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Malaysian vessel parked in Singapore waters is used to mark territory

Malaysian vessel parked in Singapore waters is used to mark territory

A photo of the MV Polaris posted to the Malaysian Ship Enthusiast Facebook group. (Photo: Facebook/Abi Muaz Al Buduwi)

SINGAPORE: A Malaysian vessel that has been anchored in Singapore territorial waters for several days is used for marking territory.

READ: Singapore extends port limits off Tuas, won't hesitate to take action against Malaysia intrusions: Khaw

During a media briefing on Thursday (Dec 6), Transport Minister Khaw Boon Wan showed reporters a video displaying instances of Malaysian vessels intruding into Singapore waters.

The video shows a Malaysian buoy-laying vessel - the Jabatan Laut Polaris. Buoy-laying vessels are usually used to mark territory or safety hazards and Jabatan Laut refers to the Malaysia Marine Department.

"This particular Malaysian vessel has been there since Dec 3, I think - has been there for several days - and even as we speak, continues to be there," Mr Khaw said. "There are three Malaysian vessels currently in our waters."

Mr Khaw said there have been 14 intrusions into Singapore territorial waters off Tuas in the past two weeks, after Malaysia extended its Johor Bahru Port Limits in October.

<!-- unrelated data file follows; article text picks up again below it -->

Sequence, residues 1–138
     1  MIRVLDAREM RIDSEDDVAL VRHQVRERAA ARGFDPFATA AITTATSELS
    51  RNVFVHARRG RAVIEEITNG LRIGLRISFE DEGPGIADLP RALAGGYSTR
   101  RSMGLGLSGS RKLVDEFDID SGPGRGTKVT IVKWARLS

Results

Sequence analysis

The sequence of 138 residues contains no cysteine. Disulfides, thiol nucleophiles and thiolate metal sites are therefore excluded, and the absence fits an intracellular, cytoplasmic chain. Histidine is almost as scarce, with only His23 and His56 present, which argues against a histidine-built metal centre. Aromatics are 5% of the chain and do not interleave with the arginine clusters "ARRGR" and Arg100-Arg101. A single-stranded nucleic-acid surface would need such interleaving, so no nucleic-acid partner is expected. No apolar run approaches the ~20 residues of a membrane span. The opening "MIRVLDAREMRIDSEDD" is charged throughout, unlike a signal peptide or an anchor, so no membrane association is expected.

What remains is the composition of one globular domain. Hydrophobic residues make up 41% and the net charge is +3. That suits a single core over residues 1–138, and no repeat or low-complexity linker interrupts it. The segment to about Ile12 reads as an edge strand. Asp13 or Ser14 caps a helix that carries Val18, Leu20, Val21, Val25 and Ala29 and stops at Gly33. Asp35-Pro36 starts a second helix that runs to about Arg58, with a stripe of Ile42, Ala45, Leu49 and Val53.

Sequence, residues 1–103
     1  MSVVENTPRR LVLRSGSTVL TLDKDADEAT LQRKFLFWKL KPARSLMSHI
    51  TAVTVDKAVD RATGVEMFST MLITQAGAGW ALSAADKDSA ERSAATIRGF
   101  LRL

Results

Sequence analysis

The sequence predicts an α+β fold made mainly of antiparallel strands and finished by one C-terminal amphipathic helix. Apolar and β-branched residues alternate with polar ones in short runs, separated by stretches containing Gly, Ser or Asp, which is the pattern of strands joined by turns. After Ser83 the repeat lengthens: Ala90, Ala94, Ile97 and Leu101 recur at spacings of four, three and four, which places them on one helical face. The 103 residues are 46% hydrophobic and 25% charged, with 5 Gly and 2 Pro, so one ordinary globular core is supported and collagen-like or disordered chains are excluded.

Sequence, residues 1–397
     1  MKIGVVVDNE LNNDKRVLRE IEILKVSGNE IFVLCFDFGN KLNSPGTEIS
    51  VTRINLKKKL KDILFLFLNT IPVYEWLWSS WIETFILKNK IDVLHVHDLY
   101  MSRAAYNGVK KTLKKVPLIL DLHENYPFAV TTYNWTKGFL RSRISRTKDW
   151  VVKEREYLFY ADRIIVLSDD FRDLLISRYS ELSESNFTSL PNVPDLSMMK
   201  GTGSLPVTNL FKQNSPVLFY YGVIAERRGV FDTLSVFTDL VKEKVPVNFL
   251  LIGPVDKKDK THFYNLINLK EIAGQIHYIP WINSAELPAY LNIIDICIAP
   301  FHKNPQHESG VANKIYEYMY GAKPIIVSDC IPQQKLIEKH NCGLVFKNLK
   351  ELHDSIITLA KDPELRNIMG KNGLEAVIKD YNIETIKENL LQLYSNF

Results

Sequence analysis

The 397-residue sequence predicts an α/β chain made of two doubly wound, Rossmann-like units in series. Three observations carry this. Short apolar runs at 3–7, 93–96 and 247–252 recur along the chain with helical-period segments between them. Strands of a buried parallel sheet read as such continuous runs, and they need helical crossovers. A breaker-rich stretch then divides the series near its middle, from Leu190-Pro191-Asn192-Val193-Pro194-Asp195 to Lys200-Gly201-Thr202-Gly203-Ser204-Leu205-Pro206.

Illustration showing the adjustment of Singapore and Malaysia's port limits.

According to global ship tracking site MarineTraffic, the Malaysian-registered Polaris has stopped in the waters off Tuas.

At about 10am on Thursday, the Polaris started moving south and hit a speed of about 9km/h before making a U-turn and stopping slightly farther away from Singapore.Movement of Malaysian vessel Polaris on Thursday (Dec 6). (Source: MarineTraffic)

The website confirmed that the Polaris is a buoy-laying vessel, adding that it was built in 2017 and measures 84m by 16m.


A 2017 Bernama news agency article posted on the Malaysia Marine Department website said the Polaris is a multi-purpose vessel that can tow ships and fight marine fires.

READ: Stay united and stand our ground, says Khaw Boon Wan amid territorial dispute with Malaysia

READ: Singapore, Malaysia maritime dispute: A timeline

The RM92 million (S$30.3 million) vessel, which operates from the Strait of Malacca to the South China Sea, has a top speed of about 28km/h and and can stay at sea for 35 days without resupplies, the article quoted the department's director Baharin Abdul Hamid as saying. 

The Polaris is also used for training, and comes equipped with a classroom, meeting room, gym and bunks for 20 trainees.

Singapore has repeatedly maintained that Malaysia's extension of its Johor Bahru Port Limits encroaches into its territory and violates its sovereignty.

Source: CNA/hz(hm)


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